Previously, we reviewed the open source QuickHash GUI tool on our blog. Now, we're going to take a look at another freeware hashing application called HashTools.
HashTools is a free software program for Microsoft Windows devices that is compatible with all support client and server versions of the operating system. It is provided as an installer and a portable version.
The program's UI is simple as it gets. There are three buttons at the top: Add Files, Add Folders and Remove. The first two options are the main ways to add the files and folders that you want to calculate the hash values of.
You can also drag and drop files and folders instead if you prefer it. Use the remove button to delete any added files or folders. You can optionally set the program to automatically save the hashes when they are calculated.
Once the files/folders have been added for hashing, you will see them in the main area of the interface.
Three columns are displayed in the interface:
Right-click on any file on the large pane to access HashTools' context menu. You can use this to copy the hash value, or the file names, or the full path + name to the clipboard. When you download a file from a website which displays its hash value, copy it to the clipboard. This value can be used in the HashTools' "Set Compare Hash" menu. You can manually enter the value if you want to. The program allows you to directly search for the hash value on Virus Total from the context menu which is a very powerful feature.
There are 5 hash types you can choose to use in HashTools: CRC32, MD5, SHA1, SHA256, SHA384 and SHA512. When you add the files and folders to be hashed, click on the hash method that you wish to use, and the program will begin calculating the value. When it's done, the values are displayed in the Hash column.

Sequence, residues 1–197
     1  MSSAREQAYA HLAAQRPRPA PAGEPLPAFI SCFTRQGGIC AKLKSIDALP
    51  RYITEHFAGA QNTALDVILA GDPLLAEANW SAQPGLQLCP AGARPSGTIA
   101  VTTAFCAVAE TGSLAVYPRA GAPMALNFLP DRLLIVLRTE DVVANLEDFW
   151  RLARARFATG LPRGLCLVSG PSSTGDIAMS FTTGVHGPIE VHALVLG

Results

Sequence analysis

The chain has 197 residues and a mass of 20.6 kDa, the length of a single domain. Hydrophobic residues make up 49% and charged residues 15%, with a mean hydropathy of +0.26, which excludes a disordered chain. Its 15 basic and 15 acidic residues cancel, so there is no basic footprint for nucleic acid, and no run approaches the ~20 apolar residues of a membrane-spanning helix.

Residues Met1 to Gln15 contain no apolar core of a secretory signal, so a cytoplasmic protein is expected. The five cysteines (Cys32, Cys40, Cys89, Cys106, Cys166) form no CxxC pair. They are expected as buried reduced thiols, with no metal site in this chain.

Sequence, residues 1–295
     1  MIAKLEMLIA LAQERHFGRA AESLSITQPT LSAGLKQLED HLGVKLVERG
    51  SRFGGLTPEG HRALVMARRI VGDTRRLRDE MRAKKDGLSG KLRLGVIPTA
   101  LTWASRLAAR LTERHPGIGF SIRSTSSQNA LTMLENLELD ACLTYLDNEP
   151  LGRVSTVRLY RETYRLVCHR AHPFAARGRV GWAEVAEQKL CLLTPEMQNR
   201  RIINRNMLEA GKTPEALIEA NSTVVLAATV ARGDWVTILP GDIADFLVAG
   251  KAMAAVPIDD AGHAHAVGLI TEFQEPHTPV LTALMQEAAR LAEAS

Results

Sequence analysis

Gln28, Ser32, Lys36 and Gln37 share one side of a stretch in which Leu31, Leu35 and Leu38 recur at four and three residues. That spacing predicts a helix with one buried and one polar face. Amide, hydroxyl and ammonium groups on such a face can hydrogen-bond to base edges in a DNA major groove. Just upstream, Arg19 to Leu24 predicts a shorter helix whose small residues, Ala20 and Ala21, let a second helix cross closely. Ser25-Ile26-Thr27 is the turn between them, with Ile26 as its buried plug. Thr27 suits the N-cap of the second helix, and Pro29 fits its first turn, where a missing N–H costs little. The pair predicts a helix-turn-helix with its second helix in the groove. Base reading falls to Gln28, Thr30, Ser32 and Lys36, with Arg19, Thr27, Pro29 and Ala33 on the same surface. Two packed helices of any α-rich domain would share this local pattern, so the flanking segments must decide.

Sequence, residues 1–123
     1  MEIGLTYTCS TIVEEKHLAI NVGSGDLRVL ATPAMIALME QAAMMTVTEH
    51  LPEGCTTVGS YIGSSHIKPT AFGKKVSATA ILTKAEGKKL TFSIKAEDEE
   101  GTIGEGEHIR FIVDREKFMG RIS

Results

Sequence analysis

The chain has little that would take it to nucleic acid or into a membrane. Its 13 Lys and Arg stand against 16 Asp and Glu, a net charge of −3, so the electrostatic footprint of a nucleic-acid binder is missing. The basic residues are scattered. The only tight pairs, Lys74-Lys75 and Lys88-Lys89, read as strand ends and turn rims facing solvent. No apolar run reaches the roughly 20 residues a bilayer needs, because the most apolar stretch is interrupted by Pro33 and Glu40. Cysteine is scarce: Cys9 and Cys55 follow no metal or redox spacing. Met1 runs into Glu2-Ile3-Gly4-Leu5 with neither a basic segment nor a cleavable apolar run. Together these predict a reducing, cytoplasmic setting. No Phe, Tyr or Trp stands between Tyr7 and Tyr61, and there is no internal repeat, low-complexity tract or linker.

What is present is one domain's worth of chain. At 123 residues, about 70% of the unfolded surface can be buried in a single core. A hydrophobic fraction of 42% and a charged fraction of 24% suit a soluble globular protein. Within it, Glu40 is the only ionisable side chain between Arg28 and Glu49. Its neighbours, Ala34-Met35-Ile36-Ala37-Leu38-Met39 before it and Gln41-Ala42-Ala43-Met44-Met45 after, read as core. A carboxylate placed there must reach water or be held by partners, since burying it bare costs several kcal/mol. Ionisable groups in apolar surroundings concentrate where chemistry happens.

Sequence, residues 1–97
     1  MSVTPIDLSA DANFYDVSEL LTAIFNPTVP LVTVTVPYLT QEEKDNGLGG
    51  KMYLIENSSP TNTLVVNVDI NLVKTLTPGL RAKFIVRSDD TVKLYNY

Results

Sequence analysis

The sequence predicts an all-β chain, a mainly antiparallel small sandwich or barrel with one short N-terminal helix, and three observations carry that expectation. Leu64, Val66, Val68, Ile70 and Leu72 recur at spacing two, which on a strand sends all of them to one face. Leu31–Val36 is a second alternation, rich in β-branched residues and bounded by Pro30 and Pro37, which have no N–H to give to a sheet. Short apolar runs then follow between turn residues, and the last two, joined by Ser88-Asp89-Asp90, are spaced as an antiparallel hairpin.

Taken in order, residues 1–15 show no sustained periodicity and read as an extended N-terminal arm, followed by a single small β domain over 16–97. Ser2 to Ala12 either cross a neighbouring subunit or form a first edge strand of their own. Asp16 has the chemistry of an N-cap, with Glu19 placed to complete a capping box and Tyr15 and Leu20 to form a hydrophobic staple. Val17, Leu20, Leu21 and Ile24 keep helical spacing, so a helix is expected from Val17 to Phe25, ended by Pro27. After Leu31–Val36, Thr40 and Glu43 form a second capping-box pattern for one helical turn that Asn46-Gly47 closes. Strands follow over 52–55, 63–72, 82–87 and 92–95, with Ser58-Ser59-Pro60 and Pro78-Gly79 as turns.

Note: Make sure you copy the correct hash values for comparison. Don't mix and match MD5, SHA1, and the other values. This is just for your convenience, and to avoid some confusion of course. To illustrate this, I deliberately used a SHA1 value and two MD5 values, and that resulted in matching errors because of the different algorithms used to compute the hash values.
If you have set the Compare hash values, and it matches with the hash value calculated by the program, you'll see a check mark to the left of the file column. When the values don't match, you'll see an X icon instead. You can save the Hash results to an SFV file.
You can add HashTools to the Windows Explorer Context menu from the program's settings screen. This will let you run hash operations quickly from Explorer.
Warning: HashTools recently added anonymous Crash Reporting and Telemetry to the program, and it's pre-enabled. You can disable it from Settings > Advanced Settings. While you are on the Advanced settings screen, you can optionally disable the loading screens and free license reminder notifications too.
HashTools is available in a portable version, and works on Windows 7 SP1 and above. The program is made by Binary Fortress, who are also the developers of the DisplayFusion multi-monitor software.
The program has a few uses besides verifying the integrity of downloaded programs. It may be used for backup verification by computing hashes on the device and the backup location among other things.
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